Directing and requesting: two interactive uses of the mental state terms want and need

2.50
Hdl Handle:
http://hdl.handle.net/10545/292740
Title:
Directing and requesting: two interactive uses of the mental state terms want and need
Authors:
Childs, Carrie
Abstract:
This article is focused on the uses of the terms want and need to build directives and requests in family interaction. The study is located within the theoretical framework of discursive psychology, using the methods of conversation analysis. Within social cognitive research, mental state terms are analyzed as references to inner mental experiences. In contrast, this article analyzes the selection of want and need as sequential phenomena. The use of I want to deliver directives increases the likelihood of compliance when one cannot monitor or control whether a projected action will be carried out. Requests built using I need are recurrently delivered following a request from an interlocutor and delay the granting of the request while maintaining alignment. Thus rather than simply expressing an internal mental experience, the verbs want and need have specific practical uses in their normative sequential environments.
Affiliation:
University of Derby
Citation:
Childs, C. (2012, in press) Directing and requesting: Two interactive uses of the mental state terms 'want' and 'need'. Text and Talk, 32(6), 727-749
Publisher:
De Gruyter
Journal:
Text & Talk
Issue Date:
24-May-2013
URI:
http://hdl.handle.net/10545/292740
Additional Links:
http://www.degruyter.com/view/j/text.2012.32.issue-6/text-2012-0034/text-2012-0034.xml
Type:
Article
Language:
en
ISSN:
1860-7349
Appears in Collections:
Centre for Psychological Research

Full metadata record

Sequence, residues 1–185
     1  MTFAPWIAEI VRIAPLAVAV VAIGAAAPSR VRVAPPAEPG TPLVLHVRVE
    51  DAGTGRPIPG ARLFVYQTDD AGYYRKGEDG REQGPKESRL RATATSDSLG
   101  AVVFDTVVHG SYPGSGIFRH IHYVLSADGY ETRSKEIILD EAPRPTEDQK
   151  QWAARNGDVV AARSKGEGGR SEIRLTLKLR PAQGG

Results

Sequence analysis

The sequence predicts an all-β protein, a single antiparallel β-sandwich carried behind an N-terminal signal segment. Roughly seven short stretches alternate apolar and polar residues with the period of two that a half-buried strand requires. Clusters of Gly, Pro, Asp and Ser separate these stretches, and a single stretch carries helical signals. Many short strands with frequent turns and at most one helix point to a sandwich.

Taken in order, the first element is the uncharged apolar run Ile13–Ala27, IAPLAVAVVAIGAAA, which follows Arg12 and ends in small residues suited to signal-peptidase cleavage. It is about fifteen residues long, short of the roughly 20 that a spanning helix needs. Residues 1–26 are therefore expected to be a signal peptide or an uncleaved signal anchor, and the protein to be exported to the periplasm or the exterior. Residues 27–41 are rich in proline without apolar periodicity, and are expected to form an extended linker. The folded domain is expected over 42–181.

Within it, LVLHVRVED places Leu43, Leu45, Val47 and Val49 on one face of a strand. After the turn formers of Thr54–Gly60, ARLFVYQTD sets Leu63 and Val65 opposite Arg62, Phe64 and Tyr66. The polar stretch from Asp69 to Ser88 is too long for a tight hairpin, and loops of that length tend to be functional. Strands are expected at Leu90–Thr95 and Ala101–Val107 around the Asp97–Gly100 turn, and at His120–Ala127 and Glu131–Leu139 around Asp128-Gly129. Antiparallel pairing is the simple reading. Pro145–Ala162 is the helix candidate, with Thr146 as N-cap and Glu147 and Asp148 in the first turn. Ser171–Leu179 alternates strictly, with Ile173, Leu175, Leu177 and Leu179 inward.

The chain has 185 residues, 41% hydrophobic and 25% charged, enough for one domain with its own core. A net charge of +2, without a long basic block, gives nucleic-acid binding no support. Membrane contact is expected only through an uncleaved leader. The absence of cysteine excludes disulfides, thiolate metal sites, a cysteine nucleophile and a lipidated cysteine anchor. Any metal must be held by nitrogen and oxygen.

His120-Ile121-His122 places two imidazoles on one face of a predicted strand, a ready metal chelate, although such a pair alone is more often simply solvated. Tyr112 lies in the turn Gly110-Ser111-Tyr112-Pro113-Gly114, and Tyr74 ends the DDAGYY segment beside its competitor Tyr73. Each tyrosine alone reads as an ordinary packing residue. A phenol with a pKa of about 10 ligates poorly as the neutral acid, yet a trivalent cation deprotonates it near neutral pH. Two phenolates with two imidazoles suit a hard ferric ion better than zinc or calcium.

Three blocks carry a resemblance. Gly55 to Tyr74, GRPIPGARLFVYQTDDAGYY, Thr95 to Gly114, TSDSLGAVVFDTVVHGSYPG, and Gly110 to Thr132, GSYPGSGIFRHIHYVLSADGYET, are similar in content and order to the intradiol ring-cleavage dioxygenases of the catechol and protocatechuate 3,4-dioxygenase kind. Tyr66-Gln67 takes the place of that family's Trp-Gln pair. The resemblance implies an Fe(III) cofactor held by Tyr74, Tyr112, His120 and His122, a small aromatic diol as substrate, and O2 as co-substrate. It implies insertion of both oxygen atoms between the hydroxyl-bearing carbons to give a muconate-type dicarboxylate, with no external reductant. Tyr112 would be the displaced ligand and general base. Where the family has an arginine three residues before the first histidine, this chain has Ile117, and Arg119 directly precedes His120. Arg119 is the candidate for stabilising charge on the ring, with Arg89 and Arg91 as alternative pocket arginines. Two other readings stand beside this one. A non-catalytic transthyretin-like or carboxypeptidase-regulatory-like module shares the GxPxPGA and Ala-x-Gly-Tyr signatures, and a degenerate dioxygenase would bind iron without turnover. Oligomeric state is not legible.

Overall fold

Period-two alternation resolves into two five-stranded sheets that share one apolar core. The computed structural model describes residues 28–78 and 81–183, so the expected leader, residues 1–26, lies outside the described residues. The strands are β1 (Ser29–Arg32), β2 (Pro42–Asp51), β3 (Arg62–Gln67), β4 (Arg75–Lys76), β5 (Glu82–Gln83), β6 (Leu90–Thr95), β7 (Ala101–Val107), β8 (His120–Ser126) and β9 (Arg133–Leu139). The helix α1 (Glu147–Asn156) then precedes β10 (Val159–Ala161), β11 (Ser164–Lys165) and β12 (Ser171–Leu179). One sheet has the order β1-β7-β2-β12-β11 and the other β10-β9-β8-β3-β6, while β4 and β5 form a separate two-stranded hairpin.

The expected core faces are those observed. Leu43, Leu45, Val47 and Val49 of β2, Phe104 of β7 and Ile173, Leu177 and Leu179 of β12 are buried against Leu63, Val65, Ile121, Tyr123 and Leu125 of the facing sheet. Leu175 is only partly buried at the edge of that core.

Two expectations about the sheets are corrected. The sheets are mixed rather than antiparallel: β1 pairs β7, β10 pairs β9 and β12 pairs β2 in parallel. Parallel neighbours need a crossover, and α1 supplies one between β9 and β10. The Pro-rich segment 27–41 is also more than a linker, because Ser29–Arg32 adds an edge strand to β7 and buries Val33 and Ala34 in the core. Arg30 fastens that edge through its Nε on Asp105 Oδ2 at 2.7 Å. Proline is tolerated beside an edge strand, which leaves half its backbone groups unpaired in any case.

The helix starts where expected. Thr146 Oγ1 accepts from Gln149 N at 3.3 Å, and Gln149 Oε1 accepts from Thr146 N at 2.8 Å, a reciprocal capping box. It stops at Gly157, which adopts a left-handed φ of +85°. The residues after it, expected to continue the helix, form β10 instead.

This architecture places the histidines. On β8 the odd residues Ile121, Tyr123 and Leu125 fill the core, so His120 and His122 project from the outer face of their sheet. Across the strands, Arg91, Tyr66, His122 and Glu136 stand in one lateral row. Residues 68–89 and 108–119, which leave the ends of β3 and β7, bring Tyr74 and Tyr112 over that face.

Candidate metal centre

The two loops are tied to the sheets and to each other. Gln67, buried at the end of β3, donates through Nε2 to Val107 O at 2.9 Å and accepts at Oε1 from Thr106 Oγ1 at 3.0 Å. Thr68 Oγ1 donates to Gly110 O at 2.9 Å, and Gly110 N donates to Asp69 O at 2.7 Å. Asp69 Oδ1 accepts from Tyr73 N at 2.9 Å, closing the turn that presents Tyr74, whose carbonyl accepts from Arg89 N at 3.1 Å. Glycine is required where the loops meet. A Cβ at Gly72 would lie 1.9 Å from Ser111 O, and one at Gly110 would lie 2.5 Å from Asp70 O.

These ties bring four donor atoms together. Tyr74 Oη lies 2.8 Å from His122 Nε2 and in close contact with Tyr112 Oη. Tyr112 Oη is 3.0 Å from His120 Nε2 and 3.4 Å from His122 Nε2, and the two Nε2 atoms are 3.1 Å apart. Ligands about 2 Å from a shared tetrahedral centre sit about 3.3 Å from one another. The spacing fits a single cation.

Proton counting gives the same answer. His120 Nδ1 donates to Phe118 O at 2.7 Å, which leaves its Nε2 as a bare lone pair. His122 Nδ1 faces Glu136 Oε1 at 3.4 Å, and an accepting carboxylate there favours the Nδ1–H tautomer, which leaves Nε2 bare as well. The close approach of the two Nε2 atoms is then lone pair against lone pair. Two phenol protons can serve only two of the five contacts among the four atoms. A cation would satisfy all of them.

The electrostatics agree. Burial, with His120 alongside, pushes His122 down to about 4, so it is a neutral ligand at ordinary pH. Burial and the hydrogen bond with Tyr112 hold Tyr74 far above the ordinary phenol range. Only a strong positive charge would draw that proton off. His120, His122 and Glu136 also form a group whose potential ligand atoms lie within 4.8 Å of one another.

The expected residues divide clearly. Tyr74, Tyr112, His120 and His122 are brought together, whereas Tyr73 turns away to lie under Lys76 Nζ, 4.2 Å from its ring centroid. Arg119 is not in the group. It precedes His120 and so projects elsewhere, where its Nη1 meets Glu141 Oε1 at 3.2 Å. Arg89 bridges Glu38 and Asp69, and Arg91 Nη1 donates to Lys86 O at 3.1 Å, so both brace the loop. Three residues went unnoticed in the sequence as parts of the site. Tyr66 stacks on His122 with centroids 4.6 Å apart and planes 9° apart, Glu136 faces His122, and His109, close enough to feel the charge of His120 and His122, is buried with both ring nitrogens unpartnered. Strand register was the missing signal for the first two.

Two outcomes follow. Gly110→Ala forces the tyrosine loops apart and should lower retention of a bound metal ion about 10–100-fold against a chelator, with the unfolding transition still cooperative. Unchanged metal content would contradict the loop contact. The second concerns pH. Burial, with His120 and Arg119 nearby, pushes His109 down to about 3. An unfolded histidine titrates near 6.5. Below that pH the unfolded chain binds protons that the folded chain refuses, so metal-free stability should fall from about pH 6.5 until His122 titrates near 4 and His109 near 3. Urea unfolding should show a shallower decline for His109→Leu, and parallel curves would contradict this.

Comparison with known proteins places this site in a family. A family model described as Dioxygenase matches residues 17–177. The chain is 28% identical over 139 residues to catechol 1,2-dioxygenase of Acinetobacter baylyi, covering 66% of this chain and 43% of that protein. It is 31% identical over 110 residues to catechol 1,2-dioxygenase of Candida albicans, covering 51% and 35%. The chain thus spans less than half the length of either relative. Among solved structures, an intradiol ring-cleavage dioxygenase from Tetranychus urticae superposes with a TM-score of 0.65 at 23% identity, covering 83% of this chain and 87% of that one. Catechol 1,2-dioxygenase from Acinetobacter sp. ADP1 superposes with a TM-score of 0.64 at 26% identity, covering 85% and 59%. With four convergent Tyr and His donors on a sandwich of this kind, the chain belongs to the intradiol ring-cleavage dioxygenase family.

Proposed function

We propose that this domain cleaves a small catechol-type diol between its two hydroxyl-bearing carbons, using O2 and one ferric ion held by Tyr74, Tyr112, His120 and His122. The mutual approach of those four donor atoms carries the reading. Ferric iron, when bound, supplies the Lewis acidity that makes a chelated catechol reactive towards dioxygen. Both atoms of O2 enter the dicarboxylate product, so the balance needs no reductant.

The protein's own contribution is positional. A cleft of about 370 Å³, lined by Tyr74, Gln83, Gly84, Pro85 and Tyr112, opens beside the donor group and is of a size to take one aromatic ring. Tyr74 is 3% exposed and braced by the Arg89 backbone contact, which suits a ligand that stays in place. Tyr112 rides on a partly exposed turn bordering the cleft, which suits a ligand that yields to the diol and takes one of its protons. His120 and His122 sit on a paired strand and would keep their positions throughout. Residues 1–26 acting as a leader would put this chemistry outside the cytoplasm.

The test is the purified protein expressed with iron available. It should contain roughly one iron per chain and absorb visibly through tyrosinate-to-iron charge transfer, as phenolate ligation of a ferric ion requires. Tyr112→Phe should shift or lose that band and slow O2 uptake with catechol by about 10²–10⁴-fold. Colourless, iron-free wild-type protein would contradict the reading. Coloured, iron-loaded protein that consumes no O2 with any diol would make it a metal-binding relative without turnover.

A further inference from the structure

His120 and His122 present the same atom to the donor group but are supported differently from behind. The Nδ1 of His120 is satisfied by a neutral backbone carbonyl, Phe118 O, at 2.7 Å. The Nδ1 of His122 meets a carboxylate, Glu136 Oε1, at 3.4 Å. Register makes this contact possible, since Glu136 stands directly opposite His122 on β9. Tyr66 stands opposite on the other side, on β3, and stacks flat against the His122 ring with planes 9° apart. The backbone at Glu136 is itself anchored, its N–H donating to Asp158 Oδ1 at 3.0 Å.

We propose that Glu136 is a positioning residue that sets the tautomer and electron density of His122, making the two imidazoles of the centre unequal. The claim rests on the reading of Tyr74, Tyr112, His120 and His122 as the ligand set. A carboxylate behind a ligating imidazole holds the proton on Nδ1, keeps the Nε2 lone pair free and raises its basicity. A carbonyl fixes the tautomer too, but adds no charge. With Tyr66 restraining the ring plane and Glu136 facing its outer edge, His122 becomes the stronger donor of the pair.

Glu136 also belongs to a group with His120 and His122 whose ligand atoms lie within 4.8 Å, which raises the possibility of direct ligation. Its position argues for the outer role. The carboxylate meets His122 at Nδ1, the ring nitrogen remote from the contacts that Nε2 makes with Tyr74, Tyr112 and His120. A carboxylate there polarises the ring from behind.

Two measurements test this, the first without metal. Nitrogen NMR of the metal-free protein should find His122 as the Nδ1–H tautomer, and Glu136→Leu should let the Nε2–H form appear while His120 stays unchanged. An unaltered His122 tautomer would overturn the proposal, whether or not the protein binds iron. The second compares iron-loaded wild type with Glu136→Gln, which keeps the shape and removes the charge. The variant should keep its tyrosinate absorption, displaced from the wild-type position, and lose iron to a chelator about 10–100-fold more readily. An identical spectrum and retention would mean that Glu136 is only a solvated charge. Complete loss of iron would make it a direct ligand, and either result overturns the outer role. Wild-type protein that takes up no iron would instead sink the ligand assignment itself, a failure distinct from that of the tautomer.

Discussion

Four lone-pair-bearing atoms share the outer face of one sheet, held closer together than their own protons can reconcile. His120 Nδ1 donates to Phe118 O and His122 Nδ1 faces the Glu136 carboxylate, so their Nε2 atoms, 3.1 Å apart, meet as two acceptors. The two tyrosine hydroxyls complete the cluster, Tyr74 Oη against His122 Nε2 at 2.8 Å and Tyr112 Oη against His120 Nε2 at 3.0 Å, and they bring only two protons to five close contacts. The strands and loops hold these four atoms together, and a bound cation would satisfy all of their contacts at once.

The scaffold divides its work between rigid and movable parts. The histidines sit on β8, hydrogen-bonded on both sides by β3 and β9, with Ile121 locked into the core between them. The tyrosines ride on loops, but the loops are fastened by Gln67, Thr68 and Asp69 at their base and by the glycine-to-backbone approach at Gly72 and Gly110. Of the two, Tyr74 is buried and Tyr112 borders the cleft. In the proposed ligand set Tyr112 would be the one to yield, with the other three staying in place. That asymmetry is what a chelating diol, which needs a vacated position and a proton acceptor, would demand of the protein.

DC FieldValue Language
dc.contributor.authorChilds, Carrieen
dc.date.accessioned2013-05-24T10:16:04Z-
dc.date.available2013-05-24T10:16:04Z-
dc.date.issued2013-05-24-
dc.identifier.citationChilds, C. (2012, in press) Directing and requesting: Two interactive uses of the mental state terms 'want' and 'need'. Text and Talk, 32(6), 727-749en
dc.identifier.issn1860-7349-
dc.identifier.urihttp://hdl.handle.net/10545/292740-
dc.description.abstractThis article is focused on the uses of the terms want and need to build directives and requests in family interaction. The study is located within the theoretical framework of discursive psychology, using the methods of conversation analysis. Within social cognitive research, mental state terms are analyzed as references to inner mental experiences. In contrast, this article analyzes the selection of want and need as sequential phenomena. The use of I want to deliver directives increases the likelihood of compliance when one cannot monitor or control whether a projected action will be carried out. Requests built using I need are recurrently delivered following a request from an interlocutor and delay the granting of the request while maintaining alignment. Thus rather than simply expressing an internal mental experience, the verbs want and need have specific practical uses in their normative sequential environments.en
dc.language.isoenen
dc.publisherDe Gruyteren
dc.relation.urlhttp://www.degruyter.com/view/j/text.2012.32.issue-6/text-2012-0034/text-2012-0034.xmlen
dc.titleDirecting and requesting: two interactive uses of the mental state terms want and needen
dc.typeArticleen
dc.contributor.departmentUniversity of Derbyen
dc.identifier.journalText & Talken
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